A Travel Guide to Osaka, Japan
Japan’s third largest city, Osaka, is transforming into the country’s creative capital.
Osaka has long been known as the “kitchen of Japan” for its expansive food culture, but it’s also slowly emerging as the country’s hub for creativity with new museums, innovative boutiques and cutting-edge galleries.
The recently opened multi-purpose facility, Knowledge Capital (3-1 Ofukacho, Kita-ku, Osaka 530-001, http://kc-i.jp/en), situated in the north building of the new Grand Front Osaka development, is packed with hotels, shops, malls, bars as well as creative spaces. The six-floor compound is home to members-only coworking space Knowledge Salon comprising small-scale offices and conference rooms, as well as a theater, convention centers and a public laboratory. Apart from these great facilities, Knowledge Capital also provides staff known as “The Communicators” who can help launch your ideal project by putting you in touch with industry insiders. For instance, if you want to develop an innovative running shoe, the staff can connect you with designers and manufacturers to help make your dream a reality—or, at least, a prototype. These prototypes are then showcased at The Lab, an open laboratory that allows you to gather real feedback from members of the public in order to improve and refine your product.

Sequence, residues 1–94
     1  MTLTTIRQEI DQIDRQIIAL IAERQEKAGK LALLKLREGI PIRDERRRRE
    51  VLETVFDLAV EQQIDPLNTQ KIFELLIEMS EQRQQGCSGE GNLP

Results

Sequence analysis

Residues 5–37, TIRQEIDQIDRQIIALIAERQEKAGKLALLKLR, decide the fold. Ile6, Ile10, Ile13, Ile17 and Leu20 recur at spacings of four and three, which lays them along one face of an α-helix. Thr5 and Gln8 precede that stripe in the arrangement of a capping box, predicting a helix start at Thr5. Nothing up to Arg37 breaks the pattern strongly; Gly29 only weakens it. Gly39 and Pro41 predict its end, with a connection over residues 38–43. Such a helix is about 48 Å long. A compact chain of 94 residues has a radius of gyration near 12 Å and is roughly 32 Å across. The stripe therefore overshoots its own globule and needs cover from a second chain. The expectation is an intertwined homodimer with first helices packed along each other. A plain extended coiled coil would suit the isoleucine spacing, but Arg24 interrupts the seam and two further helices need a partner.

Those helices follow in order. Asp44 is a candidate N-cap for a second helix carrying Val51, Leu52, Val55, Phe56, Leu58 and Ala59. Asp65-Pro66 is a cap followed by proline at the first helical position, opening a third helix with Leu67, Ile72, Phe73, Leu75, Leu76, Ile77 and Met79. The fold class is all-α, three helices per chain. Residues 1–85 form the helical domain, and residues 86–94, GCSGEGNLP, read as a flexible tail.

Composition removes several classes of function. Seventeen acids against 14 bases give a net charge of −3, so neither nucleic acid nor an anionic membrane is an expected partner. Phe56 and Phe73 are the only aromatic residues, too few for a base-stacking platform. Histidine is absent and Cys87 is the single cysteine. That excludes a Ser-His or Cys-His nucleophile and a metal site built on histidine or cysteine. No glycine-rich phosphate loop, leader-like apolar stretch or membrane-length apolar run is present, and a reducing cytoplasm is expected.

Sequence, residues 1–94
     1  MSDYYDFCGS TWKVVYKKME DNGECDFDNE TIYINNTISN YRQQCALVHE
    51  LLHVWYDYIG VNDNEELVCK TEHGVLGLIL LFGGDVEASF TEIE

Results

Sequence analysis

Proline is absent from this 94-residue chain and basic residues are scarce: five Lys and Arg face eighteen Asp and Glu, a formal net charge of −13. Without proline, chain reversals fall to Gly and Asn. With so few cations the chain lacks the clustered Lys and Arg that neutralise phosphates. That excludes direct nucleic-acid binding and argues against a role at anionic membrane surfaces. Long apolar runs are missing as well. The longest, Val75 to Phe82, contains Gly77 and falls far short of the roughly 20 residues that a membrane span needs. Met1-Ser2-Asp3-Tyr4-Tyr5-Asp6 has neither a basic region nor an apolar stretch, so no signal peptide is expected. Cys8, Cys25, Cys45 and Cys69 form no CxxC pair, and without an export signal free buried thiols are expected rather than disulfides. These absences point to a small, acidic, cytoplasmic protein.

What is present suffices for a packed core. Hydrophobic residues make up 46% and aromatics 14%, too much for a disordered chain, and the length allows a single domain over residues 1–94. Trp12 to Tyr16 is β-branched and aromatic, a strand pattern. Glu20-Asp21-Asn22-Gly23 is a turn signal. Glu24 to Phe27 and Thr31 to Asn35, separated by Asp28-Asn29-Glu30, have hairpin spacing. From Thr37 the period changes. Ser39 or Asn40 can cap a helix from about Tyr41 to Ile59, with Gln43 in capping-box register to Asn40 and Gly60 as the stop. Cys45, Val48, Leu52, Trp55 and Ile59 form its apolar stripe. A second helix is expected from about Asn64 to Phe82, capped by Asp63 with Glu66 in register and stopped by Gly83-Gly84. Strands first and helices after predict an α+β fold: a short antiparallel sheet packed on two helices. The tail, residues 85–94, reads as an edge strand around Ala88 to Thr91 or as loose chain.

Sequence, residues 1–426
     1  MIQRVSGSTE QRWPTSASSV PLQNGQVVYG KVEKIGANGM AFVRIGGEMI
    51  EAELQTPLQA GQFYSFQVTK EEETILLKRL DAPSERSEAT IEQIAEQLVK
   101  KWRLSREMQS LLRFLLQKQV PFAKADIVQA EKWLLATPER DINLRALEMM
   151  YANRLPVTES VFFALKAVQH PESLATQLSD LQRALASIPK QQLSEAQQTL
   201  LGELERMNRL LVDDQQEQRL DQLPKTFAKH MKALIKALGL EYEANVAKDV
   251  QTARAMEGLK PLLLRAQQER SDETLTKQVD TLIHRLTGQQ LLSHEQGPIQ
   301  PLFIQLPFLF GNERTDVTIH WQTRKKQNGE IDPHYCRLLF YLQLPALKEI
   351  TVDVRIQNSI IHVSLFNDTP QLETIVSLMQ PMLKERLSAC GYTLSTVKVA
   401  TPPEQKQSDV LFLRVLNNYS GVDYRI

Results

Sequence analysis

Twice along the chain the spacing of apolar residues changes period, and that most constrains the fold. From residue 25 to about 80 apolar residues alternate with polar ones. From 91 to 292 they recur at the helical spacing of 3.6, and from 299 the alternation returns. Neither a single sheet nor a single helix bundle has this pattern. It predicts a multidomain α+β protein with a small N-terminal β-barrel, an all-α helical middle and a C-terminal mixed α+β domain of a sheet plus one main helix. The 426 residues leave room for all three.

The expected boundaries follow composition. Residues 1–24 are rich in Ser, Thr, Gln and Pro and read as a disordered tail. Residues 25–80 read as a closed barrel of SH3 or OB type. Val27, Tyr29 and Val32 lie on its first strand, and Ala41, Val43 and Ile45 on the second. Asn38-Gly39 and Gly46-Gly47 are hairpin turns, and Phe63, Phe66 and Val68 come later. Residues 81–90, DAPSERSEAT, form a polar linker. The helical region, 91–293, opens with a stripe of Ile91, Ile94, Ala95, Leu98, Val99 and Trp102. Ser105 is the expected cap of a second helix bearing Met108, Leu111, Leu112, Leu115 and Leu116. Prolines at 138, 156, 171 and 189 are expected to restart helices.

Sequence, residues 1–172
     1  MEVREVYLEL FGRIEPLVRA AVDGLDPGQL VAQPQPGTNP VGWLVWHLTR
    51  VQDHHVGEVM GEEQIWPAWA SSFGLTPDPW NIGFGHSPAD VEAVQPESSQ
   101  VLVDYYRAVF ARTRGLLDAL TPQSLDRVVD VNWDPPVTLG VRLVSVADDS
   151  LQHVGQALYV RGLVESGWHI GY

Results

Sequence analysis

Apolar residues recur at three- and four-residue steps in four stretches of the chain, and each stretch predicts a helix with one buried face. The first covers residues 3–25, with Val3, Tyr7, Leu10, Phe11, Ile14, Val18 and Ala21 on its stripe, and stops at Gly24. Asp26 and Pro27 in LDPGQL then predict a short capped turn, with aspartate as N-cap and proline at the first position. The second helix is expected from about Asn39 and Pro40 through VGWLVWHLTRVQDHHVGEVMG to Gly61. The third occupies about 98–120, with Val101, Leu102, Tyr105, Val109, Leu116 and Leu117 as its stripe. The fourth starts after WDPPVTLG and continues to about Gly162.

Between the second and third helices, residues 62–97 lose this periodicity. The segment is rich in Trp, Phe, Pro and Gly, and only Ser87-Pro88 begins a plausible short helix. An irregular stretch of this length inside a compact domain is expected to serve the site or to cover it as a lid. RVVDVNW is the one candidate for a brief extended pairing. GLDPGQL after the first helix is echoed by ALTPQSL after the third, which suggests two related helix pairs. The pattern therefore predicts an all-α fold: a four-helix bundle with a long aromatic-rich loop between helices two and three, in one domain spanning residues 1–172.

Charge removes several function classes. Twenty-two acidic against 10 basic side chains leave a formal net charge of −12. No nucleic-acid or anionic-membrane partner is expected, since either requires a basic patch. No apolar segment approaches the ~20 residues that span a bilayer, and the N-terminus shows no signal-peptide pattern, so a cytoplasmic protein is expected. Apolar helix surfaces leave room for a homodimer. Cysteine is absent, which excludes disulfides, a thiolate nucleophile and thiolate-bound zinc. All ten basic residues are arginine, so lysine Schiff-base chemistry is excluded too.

Knowledge Capital is also packed with more than 20 exciting concept stores, or what they call Future Life Showrooms, featuring many famous brands. The Asics Running Lab, for example, offers foot 3D foot mapping services in order to fit you with the perfect running shoe. Meanwhile, at the Mercedes-Benz Connection you can find a café and a “Trial Cruise” service that allows you to test-drive almost 20 of the German motor manufacturer’s models. Just remember to prepare your international license in advance. On top of these, there are many more cool fashion, living and furniture shops.
With all that technology, you’re bound to work up an appetite. And true to form, this venue also offers up a glimpse into the future of food. For starters, there’s the Smart Camp concept restaurant that grows all its vegetables in the City Farm, sat just next door on the 6/F. By peering through the restaurant’s large windows, diners can see just how the vegetables are grown in an advanced temperature-controlled room. Choose from healthy fresh-veggies-only or low-carb choices, all overseen by Kiyomi Mikuni, a chef renowned for his unique take on French cuisine. Another can’t-miss food experience here is eating farmed tuna at Kinki University Fisheries Restaurant. The university fisheries lab is renowned for its bluefin called Kindai—the first ever raised in captivity from the egg—which it serves up here. Kindai is being touted as a healthier and more eco-friendly option, prized for its lower mercury content, as well as fattier, more delectable taste. Book ahead or prepare to join the queue as locals flock there for lunch (11am-3pm) and dinner (5-10:30pm). If you have an unquenchable thirst, there’s a selection of bars that are open until 4am.